Subject Headings

What are subject headings?

Subject headings are tags that are applied to an article. These tags tell you what the article is about. They also tell you what term the database uses for a given concept.

Subject headings can be particularly helpful when:

  • There are multiple ways to describe your search terms (too many synonyms)
  • Your keyword search isn't bring back enough results
  • Your keyword search is bringing back too may irrelevant results

Too many synonyms...

A synonym is a word or phrase that means the same as another word or phrase. Let's talk more about how subject headings help when there are multiple synonyms for your research topic.

Here's an example:

Say you're searching for articles on nosebleeds...

In order to find all relevant research on your topic, you'd have to include all of the following terms in your search:


Nose bleed

Bloody nose

Nasal bleeding


Nasal hemorrhage

In PubMed and CINAHL the subject heading for the concept of nosebleed is epistaxis.

If you used the keywords nasal bleeding in your search, but the author of a relevant article used the word nosebleed, that article wouldn't be in your search results. However, if you did a subject heading search, you'd find all articles about the concept-- the idea-- regardless of what words the authors used to describe that idea.

Not enough results...

Finding the correct keywords for your research topic can be tricky. Often the language we use in every day conversation is different from the language used in the scholarly literature. Sometimes reading an encyclopedia entry or finding a relevant overview can help with identifying keywords, but this doesn't always work. When you're stuck and can't find any relevant articles, don't give up on your search until you've tried subject headings. They have the power to unlock your search.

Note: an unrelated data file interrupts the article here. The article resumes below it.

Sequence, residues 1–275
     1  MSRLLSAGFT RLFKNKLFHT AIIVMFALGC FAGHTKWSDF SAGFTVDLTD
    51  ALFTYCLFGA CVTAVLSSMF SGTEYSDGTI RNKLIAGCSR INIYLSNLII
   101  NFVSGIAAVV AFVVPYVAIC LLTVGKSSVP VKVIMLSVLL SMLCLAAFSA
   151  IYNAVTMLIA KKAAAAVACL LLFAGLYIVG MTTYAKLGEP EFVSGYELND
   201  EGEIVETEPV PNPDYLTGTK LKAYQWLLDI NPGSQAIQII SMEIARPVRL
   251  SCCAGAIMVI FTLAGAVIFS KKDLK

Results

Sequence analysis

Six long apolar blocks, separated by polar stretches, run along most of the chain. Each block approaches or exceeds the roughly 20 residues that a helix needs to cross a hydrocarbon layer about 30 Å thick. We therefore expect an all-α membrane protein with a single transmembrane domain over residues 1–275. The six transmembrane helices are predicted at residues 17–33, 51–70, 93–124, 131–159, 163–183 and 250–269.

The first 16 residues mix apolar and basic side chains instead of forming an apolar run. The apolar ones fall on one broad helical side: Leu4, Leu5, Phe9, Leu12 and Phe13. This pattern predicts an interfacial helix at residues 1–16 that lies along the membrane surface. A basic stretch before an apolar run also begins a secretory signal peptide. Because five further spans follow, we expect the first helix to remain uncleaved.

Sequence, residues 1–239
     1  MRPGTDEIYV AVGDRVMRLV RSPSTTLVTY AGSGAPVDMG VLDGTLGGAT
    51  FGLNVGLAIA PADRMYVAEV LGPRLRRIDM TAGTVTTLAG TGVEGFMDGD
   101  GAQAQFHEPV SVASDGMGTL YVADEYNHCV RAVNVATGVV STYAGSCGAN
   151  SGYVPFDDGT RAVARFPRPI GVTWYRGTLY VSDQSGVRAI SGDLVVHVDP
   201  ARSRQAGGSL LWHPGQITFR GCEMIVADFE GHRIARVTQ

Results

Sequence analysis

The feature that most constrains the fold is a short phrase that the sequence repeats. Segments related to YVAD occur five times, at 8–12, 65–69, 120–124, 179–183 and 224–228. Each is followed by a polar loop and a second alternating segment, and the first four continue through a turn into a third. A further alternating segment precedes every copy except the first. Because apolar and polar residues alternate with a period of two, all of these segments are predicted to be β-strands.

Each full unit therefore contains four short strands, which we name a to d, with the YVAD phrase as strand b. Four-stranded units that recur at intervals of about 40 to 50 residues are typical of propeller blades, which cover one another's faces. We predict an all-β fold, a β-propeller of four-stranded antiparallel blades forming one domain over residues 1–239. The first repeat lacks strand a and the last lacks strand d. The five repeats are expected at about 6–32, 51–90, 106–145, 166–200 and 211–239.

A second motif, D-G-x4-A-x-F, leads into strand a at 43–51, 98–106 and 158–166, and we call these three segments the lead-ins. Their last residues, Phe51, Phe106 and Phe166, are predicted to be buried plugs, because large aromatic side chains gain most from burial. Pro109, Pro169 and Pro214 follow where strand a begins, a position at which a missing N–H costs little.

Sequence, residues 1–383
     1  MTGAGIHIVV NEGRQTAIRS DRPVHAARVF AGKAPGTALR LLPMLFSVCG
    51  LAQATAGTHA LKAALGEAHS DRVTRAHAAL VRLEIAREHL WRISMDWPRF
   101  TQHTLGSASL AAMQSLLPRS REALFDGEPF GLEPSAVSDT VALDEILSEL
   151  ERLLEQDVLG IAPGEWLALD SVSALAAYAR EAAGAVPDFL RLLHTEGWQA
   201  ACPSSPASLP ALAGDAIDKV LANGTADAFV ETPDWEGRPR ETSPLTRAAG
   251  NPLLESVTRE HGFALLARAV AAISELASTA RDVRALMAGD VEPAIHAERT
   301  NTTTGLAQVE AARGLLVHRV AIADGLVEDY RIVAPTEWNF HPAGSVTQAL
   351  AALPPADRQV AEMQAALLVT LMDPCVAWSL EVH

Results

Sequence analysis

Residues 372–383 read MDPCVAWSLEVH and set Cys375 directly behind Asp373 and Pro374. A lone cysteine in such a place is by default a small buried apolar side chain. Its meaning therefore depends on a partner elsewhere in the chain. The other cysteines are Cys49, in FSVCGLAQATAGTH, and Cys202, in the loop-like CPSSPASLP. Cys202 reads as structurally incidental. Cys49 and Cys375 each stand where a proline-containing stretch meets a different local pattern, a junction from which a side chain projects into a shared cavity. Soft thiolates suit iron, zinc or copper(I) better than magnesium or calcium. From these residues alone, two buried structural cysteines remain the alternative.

Too many irrelevant results...

Subject heading searches are fundamentally different than keyword searches, and this difference can be particularly helpful when your keyword search is bringing back too many irrelevant results.

Generally, when you do a keyword search the database simply looks for a match for your term anywhere in the article’s citation.

Let's say you're looking for articles about labor (as in the process of childbirth). A keyword search would bring up articles like this one:

The word labor is in the title of the article, but this definitely isn't about childbirth.

You also might get a result like this:

Or like this:

How did these end up in your search result? The first is authored by Phillip K. Labor, while the second was published in the Journal of Labor Economies. Neither are relevant to your search.

Keyword searches tend to be broader, while searches performed with subject headings tend to be more focused.

For example, if we do a search in PubMed using the subject heading "Labor, Obstetric" we get the following targeted, focused results set:

Databases like PubMed or CINAHL often provide a thesaurus to help you find the subject headings for your concept of interest. Watch the next few videos to find out how to access the thesaurus and use subject headings in specific databases.

Using Medical Subject Headings (MeSH) in PubMed

Using Subject Headings in CINAHL

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Created with images by Double--M - "From the Brockhaus and Efron Encyclopedic Dictionary"

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